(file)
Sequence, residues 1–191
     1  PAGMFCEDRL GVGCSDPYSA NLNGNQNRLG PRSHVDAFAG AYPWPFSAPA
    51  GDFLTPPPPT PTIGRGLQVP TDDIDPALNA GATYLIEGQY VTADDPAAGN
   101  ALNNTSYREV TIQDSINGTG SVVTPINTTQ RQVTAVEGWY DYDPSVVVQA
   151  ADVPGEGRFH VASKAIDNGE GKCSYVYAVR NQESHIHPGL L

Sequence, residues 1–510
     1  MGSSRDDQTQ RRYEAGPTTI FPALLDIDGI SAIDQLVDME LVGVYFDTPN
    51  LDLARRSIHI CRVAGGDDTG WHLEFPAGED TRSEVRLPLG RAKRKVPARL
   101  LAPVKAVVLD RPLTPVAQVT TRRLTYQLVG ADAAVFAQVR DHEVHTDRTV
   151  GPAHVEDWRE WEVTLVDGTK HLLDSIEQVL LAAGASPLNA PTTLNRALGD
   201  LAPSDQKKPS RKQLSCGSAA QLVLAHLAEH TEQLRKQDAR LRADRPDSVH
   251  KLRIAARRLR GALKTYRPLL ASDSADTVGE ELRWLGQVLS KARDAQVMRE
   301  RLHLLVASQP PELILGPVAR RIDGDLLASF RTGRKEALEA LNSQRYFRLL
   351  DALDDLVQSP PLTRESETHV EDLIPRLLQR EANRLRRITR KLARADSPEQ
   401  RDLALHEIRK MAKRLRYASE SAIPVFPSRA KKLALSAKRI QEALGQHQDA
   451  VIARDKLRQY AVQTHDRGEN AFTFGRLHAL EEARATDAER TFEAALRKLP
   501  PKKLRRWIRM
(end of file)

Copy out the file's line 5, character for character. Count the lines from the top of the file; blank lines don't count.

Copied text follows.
   151  ADVPGEGRFH VASKAIDNGE GKCSYVYAVR NQESHIHPGL L